Democrats in the Maine House of Representatives have introduced House Bill number 1259 (Bill) to shift attorneys' fees to the prevailing party in litigation. If passed into law, the Bill will impact those who file lawsuits to recover debts. A hearing about the bill will be held in Maine on April 6, 2023, at 1 pm.
The Bill addresses litigation between "Institutional Entities" and "Covered Individuals" and states that if a Covered Individual is a "Prevailing Party" in litigation, the Covered Individual will be awarded costs and reasonable attorney fees.
- "Covered Individuals" are defined as people whose gross household income does not exceed 400% of the federal poverty level; OR individuals who are eligible for certain assistance programs for low-income households. According to recent data, this would cover the vast majority of Maine residents.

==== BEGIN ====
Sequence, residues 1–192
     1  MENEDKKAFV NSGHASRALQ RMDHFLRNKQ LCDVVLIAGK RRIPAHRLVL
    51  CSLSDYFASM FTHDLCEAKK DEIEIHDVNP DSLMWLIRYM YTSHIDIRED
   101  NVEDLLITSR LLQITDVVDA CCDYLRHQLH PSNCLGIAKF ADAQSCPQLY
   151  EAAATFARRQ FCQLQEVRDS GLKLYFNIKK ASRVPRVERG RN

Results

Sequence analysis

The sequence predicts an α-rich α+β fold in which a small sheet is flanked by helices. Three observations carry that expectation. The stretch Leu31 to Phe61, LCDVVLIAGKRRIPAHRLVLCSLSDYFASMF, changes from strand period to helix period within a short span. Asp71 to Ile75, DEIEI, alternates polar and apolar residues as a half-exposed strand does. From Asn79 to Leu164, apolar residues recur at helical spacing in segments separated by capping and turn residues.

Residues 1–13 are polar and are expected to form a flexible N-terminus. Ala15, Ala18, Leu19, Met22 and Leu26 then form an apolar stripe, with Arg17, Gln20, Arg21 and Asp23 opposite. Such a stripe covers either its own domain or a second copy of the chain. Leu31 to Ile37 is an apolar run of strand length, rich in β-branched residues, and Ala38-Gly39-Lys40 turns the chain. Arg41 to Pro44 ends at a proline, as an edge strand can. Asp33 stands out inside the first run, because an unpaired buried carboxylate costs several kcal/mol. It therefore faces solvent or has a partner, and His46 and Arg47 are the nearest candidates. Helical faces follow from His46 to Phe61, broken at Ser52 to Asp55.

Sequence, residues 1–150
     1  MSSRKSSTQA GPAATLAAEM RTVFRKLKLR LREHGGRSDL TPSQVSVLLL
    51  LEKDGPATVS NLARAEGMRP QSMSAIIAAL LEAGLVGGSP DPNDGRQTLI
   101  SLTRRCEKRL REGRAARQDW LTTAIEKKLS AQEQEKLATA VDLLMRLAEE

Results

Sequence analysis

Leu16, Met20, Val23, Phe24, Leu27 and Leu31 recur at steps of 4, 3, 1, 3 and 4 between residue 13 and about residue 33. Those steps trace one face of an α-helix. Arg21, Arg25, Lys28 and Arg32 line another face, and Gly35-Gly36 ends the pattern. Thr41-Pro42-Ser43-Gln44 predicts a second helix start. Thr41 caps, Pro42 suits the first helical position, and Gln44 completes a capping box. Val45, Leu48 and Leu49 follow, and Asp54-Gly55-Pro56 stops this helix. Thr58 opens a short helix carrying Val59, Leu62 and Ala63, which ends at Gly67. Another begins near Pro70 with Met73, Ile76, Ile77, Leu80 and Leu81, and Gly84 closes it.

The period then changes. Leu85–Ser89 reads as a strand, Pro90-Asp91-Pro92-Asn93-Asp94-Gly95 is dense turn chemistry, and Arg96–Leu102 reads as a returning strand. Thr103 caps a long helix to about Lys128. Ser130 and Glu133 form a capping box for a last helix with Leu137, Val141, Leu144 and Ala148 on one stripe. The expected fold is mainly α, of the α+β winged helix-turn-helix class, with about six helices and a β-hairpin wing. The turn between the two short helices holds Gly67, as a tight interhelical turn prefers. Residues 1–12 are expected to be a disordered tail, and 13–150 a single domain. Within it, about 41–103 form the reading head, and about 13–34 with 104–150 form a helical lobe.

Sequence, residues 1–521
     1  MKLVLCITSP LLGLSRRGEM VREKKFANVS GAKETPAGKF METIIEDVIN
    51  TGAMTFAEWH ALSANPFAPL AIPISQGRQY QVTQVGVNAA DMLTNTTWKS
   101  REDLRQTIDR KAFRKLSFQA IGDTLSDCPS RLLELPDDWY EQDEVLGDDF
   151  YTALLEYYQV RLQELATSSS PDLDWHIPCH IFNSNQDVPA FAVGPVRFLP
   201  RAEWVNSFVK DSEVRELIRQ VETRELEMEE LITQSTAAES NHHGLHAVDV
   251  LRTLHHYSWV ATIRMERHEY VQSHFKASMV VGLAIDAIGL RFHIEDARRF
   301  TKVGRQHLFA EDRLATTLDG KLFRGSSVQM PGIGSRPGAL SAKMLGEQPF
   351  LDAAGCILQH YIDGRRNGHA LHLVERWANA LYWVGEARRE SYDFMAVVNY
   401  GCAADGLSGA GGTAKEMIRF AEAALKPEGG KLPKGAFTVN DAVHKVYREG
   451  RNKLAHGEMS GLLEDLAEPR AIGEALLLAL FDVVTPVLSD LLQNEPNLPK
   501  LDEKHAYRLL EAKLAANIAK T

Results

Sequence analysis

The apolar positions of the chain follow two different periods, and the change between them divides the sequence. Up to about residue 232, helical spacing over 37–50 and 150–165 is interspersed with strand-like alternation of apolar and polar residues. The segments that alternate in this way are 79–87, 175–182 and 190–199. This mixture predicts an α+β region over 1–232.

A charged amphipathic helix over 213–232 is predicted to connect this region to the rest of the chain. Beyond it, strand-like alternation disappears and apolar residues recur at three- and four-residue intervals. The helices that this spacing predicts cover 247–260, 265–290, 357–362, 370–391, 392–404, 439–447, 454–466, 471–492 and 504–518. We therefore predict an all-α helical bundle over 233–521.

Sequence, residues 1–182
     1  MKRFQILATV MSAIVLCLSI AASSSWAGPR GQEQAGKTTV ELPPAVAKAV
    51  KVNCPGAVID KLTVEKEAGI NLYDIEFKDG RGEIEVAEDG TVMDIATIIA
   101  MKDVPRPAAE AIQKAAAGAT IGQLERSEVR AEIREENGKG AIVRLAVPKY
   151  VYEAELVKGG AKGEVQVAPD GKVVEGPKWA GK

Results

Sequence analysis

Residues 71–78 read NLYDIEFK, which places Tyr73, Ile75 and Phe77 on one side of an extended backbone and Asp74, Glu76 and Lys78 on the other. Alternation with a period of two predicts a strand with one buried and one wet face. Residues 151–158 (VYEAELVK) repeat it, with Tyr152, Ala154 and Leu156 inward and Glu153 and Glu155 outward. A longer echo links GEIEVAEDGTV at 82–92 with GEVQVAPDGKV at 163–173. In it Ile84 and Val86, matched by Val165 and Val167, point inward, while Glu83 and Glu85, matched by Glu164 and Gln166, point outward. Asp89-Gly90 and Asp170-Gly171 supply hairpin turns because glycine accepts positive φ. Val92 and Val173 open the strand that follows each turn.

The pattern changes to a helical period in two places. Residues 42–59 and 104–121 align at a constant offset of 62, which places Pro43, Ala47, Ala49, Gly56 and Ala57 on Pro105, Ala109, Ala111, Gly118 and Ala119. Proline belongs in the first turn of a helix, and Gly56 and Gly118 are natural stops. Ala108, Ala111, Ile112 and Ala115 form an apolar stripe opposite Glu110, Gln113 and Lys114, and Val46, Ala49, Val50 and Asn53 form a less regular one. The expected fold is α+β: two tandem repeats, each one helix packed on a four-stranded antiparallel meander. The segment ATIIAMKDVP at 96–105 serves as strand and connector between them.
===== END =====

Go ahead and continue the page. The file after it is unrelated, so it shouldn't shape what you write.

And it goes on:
- "Institutional Entities" are defined as any type of business recognized under Maine Law.
- "Prevailing Party" includes any defendant in which "no relief is recovered by the plaintiff" and also includes a party that obtains a monetary recovery or nonmonetary relief via judgment or settlement.
Covered Individuals will be required to produce records to show they meet this definition. There is a rebuttable presumption that a party other than a Covered Individual is an Institutional Entity. The presumption can be rebutted if a court finds that the entity's tax records for the prior three years show that the entity and its owners have an average annual net income below $100,000.00.
This Bill is comparable to Florida's fee-shifting statute 57.105, which increases litigation costs and causes all kinds of absurd outcomes. As a result of Florida's fee-shifting statute, voluntary dismissals are often met with demands for fees, and attorneys have sought fees in separate actions after reaching settlements to pay debts. Some Florida consumer attorneys have even refused to sign settlement agreements that do not include fee payments.
Those with legal interests in Maine should pay attention to this Bill and consider attending the hearing if feasible.
**Update May 1, 2023: This bill did not pass committee; it is no longer on the table.